The story of the professional achievements of black lawyers in South Africa—indeed their very survival—provides an example of the triumph of individuals and, ultimately, of the law. Black Lawyers, White Courts is about South Africa, and about black professionals in that country, but the lessons its protagonists teach extend far beyond circumstances, geography, or race.
Bill Bowen’s memoir deals with many of the most important events and years in Arkansas history in the twentieth century. Bowen was born and raised in Altheimer, in the Arkansas Delta, a section of the country that was among the most impoverished in the nation during the Depression. His adolescence was shaped by the Depression, and as a young adult he enlisted in the U.S. Navy during World War II, and served in the U.S. Naval Reserve until 1963. After the war, Bowen became a tax attorney. He used his unique skills to refine the legal aspects of investment banking in Arkansas and became so proficient at it that he moved into the banking field to serve first as president then board chairman of one of Arkansas’s largest banks. Legal and banking experience led naturally to politics, and he became chief of staff for Gov. Bill Clinton. After Clinton announced his candidacy for president, it became Bowen’s task to protect the interests and programs of Governor Clinton in the face of intense pressure from then Lt. Gov. Jim Guy Tucker to become de facto governor. Even in retirement he continued to lead an energetic, productive life as he prepared himself for yet another career, this one in education, serving two years as dean of the University of Arkansas, Little Rock, Law School, which now bears his name.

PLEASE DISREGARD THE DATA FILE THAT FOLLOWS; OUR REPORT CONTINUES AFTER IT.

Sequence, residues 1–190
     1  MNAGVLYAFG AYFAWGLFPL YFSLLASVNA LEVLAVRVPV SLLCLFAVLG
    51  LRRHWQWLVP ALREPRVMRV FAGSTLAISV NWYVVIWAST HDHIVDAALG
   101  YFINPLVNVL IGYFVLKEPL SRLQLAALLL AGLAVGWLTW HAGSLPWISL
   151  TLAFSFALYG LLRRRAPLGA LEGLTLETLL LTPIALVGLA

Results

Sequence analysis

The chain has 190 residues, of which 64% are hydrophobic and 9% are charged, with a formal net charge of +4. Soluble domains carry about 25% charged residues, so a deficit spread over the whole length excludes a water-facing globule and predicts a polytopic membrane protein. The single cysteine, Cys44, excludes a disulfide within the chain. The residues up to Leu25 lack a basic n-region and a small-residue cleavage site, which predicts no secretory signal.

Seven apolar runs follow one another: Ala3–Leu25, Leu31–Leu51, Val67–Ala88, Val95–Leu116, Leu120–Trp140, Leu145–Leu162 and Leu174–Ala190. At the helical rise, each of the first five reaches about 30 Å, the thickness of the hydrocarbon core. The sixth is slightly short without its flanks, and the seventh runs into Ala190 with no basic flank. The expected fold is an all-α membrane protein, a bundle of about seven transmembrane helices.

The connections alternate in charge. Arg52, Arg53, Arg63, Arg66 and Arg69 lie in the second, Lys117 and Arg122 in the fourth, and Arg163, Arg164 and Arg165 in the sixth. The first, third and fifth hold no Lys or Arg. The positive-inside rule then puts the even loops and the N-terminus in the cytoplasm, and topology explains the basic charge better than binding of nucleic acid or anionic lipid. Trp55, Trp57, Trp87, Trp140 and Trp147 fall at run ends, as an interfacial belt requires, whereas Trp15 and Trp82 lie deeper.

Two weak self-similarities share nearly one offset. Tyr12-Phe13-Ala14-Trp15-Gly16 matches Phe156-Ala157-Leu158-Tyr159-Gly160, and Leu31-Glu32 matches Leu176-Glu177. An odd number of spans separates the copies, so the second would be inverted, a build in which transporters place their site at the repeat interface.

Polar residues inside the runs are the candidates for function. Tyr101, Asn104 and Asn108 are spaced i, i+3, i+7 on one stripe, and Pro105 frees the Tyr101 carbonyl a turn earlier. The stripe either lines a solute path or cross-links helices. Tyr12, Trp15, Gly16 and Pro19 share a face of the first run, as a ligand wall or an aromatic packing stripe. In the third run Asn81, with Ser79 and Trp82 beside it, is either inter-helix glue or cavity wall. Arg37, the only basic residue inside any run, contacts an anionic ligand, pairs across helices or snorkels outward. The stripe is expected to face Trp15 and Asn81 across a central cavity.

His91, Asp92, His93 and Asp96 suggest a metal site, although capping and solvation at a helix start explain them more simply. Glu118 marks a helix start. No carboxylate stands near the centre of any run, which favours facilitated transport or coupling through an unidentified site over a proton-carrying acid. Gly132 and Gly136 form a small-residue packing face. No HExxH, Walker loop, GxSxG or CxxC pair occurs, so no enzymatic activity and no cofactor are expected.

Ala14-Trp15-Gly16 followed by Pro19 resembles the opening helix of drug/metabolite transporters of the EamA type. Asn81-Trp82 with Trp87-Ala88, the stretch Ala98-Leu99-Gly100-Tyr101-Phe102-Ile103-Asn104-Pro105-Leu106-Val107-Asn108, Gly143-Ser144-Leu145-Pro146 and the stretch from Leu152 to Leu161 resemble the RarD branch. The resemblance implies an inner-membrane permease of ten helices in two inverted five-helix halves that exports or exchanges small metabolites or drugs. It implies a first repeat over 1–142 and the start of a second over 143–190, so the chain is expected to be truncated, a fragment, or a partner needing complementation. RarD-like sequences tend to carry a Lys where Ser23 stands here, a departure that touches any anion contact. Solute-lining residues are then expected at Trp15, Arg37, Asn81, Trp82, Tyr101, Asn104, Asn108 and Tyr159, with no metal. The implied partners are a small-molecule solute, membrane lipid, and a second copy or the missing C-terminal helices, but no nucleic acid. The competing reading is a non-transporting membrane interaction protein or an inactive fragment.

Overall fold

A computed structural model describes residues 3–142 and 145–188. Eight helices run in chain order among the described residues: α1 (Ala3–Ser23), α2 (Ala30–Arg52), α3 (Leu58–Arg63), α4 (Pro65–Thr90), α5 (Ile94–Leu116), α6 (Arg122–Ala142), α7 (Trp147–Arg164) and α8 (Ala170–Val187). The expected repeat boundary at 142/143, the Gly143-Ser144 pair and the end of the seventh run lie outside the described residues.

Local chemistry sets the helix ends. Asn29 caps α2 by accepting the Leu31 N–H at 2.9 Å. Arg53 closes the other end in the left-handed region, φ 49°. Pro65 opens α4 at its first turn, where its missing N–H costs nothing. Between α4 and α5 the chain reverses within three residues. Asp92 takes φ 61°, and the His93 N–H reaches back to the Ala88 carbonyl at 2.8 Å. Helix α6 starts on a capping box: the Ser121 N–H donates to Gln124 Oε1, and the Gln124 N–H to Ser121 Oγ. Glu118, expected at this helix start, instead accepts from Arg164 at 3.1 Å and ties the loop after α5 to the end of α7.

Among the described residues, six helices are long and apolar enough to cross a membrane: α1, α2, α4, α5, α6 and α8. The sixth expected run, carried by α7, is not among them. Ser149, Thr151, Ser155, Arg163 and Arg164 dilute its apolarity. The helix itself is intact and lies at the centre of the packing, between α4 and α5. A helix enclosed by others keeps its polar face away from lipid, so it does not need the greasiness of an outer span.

Recent law school graduates often work as temporary attorneys, but law firm layoffs and downsizing have strengthened the temporary attorney industry. Cheaper by the Hour is the first book-length account of these workers.
Drawing from participant observation and interviews, Robert A. Brooks provides a richly detailed ethnographic account of freelance attorneys in Washington, DC. He places their document review work in the larger context of the deprofessionalization of skilled labor and considers how professionals relegated to temporary jobs feel diminished, degraded, or demeaned by work that is often tedious, repetitive, and well beneath their abilities.
Brooks documents how firms break a lawyer's work into discrete components that require less skill to realize maximum profits. Moreover, he argues that information technology and efficiency demands are further stratifying the profession and creating a new underclass of lawyers who do low-end commodity work.
The legal profession is stratified primarily by the character of the clients served, not by the type of legal service rendered, as John P. Heinz and Edward O. Laumann convincingly demonstrate. In their classic study of the Chicago bar, the authors draw on interviews with nearly 800 lawyers to show that the profession is divided into two distinct hemispheres–corporate and individual–and that this dichotomy is reflected in the distribution of prestige among lawyers.